In response to increasing questions from Microsoft employees about using ChatGPT for work tasks, a senior engineer in Microsoft's CTO's office announced that they could access ChatGPT, but not share "sensitive data" with it. Amazon staff received the same warning last week.
The companies' events followed the same scenario: employees expressed interest in ChatGPT in work chats and asked how they could use it in their work; management responded with a reminder about liability for disclosing confidential information and a recommendation not to share code and other data covered by the NDA with ChatGPT. The difference between the companies' situations is one, but significant: Microsoft is investing $10 billion in OpenAI, the creator of ChatGPT.
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As Insider recalls, the software giant plans to incorporate OpenAI technology into some of its products, such as the Bing search engine and Office applications.
In a comment to the publication, Vincent Konitzer, professor and director of the Artificial Intelligence Lab at Carnegie Mellon University, said that the close relationship between Microsoft and OpenAI could lead to a potential conflict of interest because Microsoft could benefit from OpenAI getting more data for training. That doesn't mean Microsoft will behave irresponsibly, but "it's always good to be aware of the incentives," he added.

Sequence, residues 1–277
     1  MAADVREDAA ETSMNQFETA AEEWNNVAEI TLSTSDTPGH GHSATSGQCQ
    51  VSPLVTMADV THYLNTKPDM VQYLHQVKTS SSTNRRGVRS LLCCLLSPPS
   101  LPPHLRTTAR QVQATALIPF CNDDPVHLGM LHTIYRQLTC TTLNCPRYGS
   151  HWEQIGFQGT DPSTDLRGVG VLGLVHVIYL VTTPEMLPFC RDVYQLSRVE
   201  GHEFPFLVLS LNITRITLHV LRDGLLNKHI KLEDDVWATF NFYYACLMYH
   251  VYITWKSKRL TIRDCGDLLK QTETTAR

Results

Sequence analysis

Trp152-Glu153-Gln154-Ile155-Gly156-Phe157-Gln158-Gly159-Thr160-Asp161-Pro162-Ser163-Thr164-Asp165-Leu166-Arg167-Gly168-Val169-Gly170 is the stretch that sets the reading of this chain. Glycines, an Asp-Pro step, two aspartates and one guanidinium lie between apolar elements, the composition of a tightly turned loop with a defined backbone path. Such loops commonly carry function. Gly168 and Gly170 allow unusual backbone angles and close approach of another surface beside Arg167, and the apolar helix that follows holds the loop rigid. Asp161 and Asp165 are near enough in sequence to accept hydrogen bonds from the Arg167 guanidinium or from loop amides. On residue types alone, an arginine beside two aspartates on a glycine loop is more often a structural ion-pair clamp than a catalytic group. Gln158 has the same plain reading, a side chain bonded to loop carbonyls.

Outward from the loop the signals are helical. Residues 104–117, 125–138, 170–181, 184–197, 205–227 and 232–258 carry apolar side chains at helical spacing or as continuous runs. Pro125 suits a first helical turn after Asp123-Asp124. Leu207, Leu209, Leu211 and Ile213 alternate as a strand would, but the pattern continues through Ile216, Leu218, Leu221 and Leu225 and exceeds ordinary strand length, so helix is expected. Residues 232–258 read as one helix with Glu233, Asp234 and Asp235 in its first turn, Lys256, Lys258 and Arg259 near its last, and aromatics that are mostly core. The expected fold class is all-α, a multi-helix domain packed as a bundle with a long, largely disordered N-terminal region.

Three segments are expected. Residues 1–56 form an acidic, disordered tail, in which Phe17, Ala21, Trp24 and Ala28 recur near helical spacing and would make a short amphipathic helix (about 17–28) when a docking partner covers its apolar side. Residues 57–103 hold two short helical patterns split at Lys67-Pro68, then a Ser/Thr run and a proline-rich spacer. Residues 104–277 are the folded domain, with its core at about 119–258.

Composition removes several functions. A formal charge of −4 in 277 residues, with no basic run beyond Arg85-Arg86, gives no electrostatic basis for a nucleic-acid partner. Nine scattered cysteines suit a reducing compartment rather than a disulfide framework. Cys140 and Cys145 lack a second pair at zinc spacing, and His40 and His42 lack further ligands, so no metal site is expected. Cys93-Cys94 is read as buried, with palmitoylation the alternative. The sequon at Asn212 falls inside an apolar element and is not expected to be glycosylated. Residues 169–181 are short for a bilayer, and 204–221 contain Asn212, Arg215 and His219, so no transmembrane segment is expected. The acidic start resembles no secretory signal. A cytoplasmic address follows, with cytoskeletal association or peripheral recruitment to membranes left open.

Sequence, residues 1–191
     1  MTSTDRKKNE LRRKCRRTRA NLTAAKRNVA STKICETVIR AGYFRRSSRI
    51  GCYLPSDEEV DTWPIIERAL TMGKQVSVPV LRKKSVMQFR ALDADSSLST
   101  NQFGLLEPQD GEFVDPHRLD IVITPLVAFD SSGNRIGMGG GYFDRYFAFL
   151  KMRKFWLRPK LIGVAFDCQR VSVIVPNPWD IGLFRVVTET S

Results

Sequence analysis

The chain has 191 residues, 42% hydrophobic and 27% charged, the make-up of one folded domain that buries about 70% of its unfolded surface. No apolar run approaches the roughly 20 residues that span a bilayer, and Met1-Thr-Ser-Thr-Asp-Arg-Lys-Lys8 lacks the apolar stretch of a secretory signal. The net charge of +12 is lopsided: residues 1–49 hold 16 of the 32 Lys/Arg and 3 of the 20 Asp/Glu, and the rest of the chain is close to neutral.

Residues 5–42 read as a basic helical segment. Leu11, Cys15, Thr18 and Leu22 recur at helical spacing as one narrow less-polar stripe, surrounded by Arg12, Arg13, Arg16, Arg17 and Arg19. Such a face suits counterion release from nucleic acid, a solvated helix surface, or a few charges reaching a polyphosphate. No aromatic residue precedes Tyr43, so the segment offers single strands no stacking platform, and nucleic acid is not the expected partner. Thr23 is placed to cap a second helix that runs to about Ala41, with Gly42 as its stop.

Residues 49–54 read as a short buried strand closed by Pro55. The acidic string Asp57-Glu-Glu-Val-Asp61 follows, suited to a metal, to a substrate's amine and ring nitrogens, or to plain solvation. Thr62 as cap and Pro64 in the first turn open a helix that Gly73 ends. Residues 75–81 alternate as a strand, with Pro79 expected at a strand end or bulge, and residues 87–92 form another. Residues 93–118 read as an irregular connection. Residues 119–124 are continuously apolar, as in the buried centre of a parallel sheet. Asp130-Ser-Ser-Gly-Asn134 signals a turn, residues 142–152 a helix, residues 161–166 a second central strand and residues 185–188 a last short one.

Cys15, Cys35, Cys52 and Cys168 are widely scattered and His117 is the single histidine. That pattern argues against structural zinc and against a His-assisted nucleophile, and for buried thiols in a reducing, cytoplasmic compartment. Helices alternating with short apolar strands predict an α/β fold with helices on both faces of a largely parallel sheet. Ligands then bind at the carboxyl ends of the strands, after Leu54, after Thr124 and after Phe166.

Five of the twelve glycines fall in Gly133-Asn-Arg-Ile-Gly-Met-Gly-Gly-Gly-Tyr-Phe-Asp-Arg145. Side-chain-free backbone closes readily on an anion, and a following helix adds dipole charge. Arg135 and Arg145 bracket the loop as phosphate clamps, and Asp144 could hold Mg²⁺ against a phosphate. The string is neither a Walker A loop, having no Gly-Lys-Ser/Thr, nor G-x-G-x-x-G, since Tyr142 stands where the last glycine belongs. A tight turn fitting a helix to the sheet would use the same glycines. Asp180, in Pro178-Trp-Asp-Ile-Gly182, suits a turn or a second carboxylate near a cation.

Another question experts are now asking is: Who will be at fault if sensitive information is leaked? According to Konitzer, employees could be liable for the disclosure, or OpenAI could be at fault for reckless use of the information, or everyone could be at fault.
OpenAI's terms of service allow the company to use all data created by users and ChatGPT. The caveat is that all personal information (PII) is deleted. However, given the rapid growth of ChatGPT, personal information is still virtually impossible to identify and delete. And corporate intellectual property likely does not fall under the definition of PII at all.